It’s no “Mr. E” how “Mr. M” has been able to keep on doing the Lord’s work for all these years at St. George School in Linn.
“I’ve been lifted up and carried by prayers and support of the great staff here, the whole school community, the parish, the pastors, the students, and of course, my family out in New Jersey,” said Bob Maranowski, the middle-school science and social studies teacher at St. George.
“They literally carried me,” said Mr. Maranowski, who has been going by “Mr. M” for as long as he’s been at the front of a classroom. “They’ve been really good to me. That helped me stay at this for a long time.”
He maintains that his job as a Catholic educator is to help build up the whole student — soul, mind and body — by integrating faith concepts into secular subject areas.
“I believe that the key components of faith can be achieved through those secular subjects of science and social studies, which I am teaching this year to sixth- through eighth-graders,” he stated.
He believes that by imparting facts and knowledge revealed in science and social studies, he will be able to reinforce his students’ understanding of the unchanging, objective truth contained in Catholic doctrine.
At the same time, “by incorporating faith principals into daily activities, I am hoping that my students leave my class with a stronger relationship with God,” he said.
He emphasized that the hallways and classrooms of St. George School are overflowing with stories more interesting than his own.
For example, “we have a teacher here who has taught in Europe, who has taught in the Middle East, taught in Russia,” he noted, referring to Jennifer Gast, who has been teaching middle-school science and math at the school for the past two years.
He and his colleagues are united in a mission that dates back not only to 1883, when School Sisters of Notre Dame welcomed the first students to St. George School, but to Apostolic Times, when Jesus’s first followers began handing on the Catholic and apostolic faith.
“When you look at it that way, my story is very brief,” said Mr. Maranowski. “I love my work and I love working in the diocese. I plug away year after year and enjoy what I do in the presence of my students and the parish and the staff and the whole school community.”
Mr. Maranowski grew up in New Jersey. He began teaching at St. George in 1970, after receiving his degree in history and education from St. Joseph’s College in Rensselaer, Indiana.
His experience there as an undergraduate convinced him that he wanted to teach in a Catholic school.
“I like Catholic schools,” he said. “I like their philosophy. I like the values they teach. I like the fact that every teacher I’ve had — and principals and administrators — have always tried to live the message of Jesus.
“I see that in the interaction of our teachers, our principal and our staff, as well as the parents,” he said. “They’ve always been supportive, and the kids have been great.”
He has heard people say they would never teach the junior-high grades because of all the challenges students that age are facing.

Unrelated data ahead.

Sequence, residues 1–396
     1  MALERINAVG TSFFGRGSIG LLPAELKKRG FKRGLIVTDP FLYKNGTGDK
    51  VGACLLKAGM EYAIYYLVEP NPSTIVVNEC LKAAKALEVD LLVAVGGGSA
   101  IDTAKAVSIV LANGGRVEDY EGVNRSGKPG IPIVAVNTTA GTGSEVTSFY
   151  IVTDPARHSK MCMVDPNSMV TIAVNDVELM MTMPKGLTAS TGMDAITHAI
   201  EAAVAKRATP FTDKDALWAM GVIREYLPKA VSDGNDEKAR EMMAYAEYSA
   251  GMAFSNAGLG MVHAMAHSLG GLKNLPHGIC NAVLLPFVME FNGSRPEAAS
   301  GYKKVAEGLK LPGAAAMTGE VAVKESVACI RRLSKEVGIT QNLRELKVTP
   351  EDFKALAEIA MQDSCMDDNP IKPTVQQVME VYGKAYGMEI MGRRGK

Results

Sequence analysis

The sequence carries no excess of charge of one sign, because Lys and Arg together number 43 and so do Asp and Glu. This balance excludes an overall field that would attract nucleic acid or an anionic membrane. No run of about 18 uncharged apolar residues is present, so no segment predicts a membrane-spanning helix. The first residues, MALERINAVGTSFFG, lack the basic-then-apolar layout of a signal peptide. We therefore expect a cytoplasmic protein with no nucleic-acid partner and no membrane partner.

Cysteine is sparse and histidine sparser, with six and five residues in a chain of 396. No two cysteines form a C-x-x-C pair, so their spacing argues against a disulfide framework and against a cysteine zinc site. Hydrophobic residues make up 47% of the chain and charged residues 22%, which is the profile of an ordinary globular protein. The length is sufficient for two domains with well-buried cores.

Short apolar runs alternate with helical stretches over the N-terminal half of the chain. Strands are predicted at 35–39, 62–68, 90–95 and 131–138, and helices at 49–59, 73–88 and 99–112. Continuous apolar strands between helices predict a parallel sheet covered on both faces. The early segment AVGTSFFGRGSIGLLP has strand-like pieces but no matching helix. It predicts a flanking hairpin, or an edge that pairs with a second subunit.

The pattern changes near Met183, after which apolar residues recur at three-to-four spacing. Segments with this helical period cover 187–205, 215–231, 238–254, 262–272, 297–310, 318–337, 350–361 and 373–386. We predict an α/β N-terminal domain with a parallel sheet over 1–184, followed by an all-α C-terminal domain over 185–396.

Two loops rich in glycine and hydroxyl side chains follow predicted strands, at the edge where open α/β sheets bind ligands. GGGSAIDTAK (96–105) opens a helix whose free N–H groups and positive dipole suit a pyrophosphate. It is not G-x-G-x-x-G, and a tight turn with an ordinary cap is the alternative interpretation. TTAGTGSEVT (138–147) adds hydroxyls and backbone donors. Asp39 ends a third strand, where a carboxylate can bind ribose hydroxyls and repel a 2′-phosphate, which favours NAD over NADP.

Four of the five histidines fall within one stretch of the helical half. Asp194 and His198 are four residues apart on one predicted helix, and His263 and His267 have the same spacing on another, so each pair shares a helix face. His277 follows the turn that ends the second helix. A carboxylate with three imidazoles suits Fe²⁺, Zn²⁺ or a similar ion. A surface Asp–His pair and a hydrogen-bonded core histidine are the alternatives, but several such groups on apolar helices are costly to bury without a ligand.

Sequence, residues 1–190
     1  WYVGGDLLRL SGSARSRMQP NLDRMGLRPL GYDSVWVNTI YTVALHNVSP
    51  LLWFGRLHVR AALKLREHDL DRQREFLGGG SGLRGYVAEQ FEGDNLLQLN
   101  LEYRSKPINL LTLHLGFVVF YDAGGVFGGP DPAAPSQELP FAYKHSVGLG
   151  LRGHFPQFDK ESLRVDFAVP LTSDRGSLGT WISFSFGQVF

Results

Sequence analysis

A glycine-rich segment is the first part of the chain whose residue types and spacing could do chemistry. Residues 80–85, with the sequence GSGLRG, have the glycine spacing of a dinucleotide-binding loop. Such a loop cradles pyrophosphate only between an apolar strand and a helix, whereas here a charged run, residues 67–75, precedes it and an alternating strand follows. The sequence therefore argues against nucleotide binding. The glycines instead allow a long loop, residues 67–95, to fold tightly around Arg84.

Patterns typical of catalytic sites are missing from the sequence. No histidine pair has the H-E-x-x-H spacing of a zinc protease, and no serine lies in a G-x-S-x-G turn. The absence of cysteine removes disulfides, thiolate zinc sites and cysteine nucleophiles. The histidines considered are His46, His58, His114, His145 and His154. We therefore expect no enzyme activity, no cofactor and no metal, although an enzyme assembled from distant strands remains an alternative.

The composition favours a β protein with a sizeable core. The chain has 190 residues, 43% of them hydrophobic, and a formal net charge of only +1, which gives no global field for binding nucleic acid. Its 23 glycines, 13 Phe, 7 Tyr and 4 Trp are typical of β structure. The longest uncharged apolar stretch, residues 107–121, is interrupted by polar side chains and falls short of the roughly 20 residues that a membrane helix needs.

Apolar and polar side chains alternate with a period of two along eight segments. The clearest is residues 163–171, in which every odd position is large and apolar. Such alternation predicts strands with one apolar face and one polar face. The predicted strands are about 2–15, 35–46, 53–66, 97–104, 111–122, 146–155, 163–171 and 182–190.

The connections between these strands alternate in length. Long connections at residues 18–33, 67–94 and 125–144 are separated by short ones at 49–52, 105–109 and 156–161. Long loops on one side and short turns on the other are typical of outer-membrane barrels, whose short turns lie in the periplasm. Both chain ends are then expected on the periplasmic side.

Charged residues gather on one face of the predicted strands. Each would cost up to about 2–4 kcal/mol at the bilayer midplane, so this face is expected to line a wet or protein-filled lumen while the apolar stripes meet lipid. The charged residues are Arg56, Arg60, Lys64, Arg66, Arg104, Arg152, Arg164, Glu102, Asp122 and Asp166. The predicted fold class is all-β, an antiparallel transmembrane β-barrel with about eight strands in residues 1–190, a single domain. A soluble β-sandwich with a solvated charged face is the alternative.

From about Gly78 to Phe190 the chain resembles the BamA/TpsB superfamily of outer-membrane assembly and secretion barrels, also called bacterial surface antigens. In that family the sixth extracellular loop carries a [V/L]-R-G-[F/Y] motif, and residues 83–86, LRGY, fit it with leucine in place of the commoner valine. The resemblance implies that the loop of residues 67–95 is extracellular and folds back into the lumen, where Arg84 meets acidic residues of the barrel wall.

“But I find them to be very interesting and fun to teach and be around,” he said. “I enjoy engaging them in learning, motivating them and seeing them respond.”
The Catholic Missourian in 2008 published an article about what Mr. Maranowski considers to be his miraculous recovery from pneumonia and an infection that was shutting down his liver and kidneys and poisoning his blood.
He hadn’t missed a full day of school in years when the infection took hold in October of 2007.
Within 24 hours, he was unconscious and hooked up to a ventilator in the Intensive Care Unit of the old St. Mary’s Health Center in Jefferson City.
Doctors had placed him in a medically-induced coma and were estimating his chances of survival at 1 in 10.
That’s when three generations of students, parents, parishioners and other members of the community gathered in St. George Church to storm the gates of heaven with prayer.
“He is an icon. There would have been a real emptiness here without him,” Kelly McReynolds, a fellow St. George teacher, told The Catholic Missourian in 2008.
She is one of hundreds of Mr. Maranowski’s former students.
The prayers continued. Signs around town urged residents and passers-through to “Pray for Mr. M.”
Twice, he almost died. Twice, his doctors were able to save him.
The prayers and cards kept coming in the months after he regained consciousness and began fighting to regain his health.
By the time he returned to work, some of his doctors and nurses were calling him a “miracle man.”
“Prayer does work!” he said in response. “Nothing is impossible with God!”
Now, having taught children and even grandchildren of some of his former students, Mr. Maranowski plays down his longevity at the school.
“I don’t want to feel old!” he said.
Nonetheless, he is grateful for having been able to continue doing exactly what he’s always wanted to do.
“The Catholic school system is beautiful, and I love the people here at St. George and in Linn,” he said.